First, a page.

October 16, 2008 (Prices Byte)
Inflation Levels Off in September
October 16, 2008
By Dean Baker
“Beneficiaries will have the largest Social Security cost of living adjustment (COLA) in more than a quarter century.”
The overall Consumer Price Index was unchanged in September after falling 0.1 percent in August. The core CPI rose by just 0.1 percent after a 0.2 percent increase in August. Over the last quarter, the CPI has risen at 2.6 percent annual rate, down from a 4.9 percent rate of increase over the last year. The core CPI has risen at a 2.7 percent annual rate, up slightly from the 2.5 percent rate over the last year.
Many of the sources of higher inflation in prior months appear to have evaporated in the last two months. This is the case not only with energy prices, which dropped sharply for the second consecutive month, but also with a wide range of other products.
For example, new car prices, which had been close to flat in the summer months, fell 0.6 percent in August and 0.7 percent in September. Clearly, manufacturers feel the need to lower prices sharply in the wake of plunging sales. Inflation other goods and services” has been just 0.2 percent for the last two months. Prices in this sector had been increasing at a 4.8 percent annual rate in the first half of the year.
Inflation in the recreation component was just 0.2 percent in September. It had been 0.4 percent in July and 0.5 percent in August. Apparel prices fell by 0.1 percent in August after rising sharply in prior months, although this could just be an erratic jump.
The glut in housing continues to kept rents under control, with the rent proper component rising by 0.3 percent, while owners’ equivalent rent (OER) rose by 0.2 percent. The OER component has risen at just a 1.9 percent annual rate over the last quarter.
One area where inflation appears to be increasing is medical care. Medical care prices rose by 0.3 percent in September, the highest increase since a 0.5 percent rise in January. There are no other major areas where inflation appears to be accelerating.
This release allows for the calculation of the annual cost of living adjustment (COLA) for Social Security. The increase in the CPI-W from the 3rd quarter of 2007 to the 3rd quarter of 2008 was 5.8 percent. This is the largest COLA for Social Security since a 7.4 percent increase in 1982.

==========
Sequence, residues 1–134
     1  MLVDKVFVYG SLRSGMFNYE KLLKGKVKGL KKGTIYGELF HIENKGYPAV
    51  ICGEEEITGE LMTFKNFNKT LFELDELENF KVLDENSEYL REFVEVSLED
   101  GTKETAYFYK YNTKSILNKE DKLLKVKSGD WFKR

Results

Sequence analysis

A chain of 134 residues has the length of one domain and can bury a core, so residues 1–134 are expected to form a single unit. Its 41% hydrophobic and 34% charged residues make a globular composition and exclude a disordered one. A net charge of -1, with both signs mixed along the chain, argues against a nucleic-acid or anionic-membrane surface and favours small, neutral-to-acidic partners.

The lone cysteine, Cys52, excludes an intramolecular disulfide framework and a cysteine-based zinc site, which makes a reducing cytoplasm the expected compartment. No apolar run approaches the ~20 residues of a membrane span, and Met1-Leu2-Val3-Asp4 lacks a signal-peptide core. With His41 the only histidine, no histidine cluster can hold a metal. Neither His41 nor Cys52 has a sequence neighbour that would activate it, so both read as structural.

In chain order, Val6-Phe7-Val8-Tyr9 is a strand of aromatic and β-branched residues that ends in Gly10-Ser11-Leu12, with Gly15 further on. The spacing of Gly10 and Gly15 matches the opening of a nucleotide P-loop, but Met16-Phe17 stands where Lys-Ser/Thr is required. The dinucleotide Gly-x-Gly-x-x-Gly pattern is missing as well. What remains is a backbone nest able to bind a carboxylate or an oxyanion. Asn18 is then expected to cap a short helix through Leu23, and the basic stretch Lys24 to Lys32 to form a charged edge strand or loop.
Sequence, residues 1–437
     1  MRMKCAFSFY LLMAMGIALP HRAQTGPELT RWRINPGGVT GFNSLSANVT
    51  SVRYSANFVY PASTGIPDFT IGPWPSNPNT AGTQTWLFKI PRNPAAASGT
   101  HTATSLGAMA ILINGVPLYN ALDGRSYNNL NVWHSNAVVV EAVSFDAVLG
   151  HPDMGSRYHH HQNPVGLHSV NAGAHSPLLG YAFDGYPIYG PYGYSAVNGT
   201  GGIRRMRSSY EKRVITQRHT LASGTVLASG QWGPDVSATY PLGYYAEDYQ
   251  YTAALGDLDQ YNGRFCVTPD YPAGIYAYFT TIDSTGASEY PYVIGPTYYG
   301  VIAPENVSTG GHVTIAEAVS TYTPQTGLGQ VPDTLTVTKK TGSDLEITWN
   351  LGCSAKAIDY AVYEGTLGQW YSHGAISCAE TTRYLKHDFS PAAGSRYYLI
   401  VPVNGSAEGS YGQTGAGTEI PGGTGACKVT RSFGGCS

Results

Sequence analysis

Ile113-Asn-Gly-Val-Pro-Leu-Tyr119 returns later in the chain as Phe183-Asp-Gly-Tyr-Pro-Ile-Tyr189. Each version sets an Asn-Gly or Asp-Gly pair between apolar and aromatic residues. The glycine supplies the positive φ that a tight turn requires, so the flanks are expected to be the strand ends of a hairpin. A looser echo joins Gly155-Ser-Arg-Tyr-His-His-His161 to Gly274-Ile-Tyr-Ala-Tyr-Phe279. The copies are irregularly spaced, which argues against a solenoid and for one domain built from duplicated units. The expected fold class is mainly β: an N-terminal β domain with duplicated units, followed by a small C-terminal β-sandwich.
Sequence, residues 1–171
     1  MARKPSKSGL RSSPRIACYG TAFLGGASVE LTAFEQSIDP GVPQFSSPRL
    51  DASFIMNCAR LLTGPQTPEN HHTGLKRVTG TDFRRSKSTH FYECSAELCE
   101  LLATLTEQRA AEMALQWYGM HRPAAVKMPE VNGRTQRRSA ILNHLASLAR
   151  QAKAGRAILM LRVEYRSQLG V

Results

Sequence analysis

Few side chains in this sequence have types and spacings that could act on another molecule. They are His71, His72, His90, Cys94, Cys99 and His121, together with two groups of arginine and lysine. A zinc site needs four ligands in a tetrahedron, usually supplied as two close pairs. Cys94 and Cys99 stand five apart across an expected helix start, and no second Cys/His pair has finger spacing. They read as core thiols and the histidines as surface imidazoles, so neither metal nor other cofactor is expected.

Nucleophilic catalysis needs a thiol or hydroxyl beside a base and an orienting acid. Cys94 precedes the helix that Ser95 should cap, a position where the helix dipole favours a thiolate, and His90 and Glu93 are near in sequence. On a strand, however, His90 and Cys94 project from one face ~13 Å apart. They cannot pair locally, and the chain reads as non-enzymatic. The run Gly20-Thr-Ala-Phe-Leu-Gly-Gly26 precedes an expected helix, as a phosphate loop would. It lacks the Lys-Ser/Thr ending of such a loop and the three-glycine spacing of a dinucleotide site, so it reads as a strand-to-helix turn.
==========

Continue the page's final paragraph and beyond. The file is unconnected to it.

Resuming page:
Inflationary pressures also appear to be easing at earlier phases of production. The overall finished goods index fell by 0.4 percent as a result of a 2.9 percent drop in energy prices. The core finished goods index rose by 0.4 percent. Over the last quarter the core finished goods index rose at a 5.4 percent annual rate.
However, the September jump seems to be largely a pass-through from price increases in prior months. The core intermediate goods fell 0.3 in September and the core crude goods index fell 9.4 percent, following a drop of 1.9 percent in August. This reflects the world-wide drop in commodity prices over the last two months.
Import prices have also reversed their recent run-up and are now falling in response to both weak demand and the rise in the value of the dollar. Non-oil import prices fell 0.9 percent in September following a drop of 0.5 percent in August. The price pressure that had been coming on the import side has essentially vanished in the last two months.
However, this is only a temporary reprieve. The higher dollar is likely to reverse the recent progress on the trade deficit, which has provided an important lift to the economy over the last year. The trade deficit is running at more than a $700 billion annual rate. It is not sustainable and the dollar will eventually have to fall to bring the deficit down to a sustainable level.
For the moment, the weakness of the economy should remove any basis for concern about inflation. There may still be some increases in the pipeline due to higher energy and import costs, but with these prices now headed downward, inflation will moderate quickly.
Dean Baker is co-director of Center for Economic and Policy Research in Washington, DC. CEPR's
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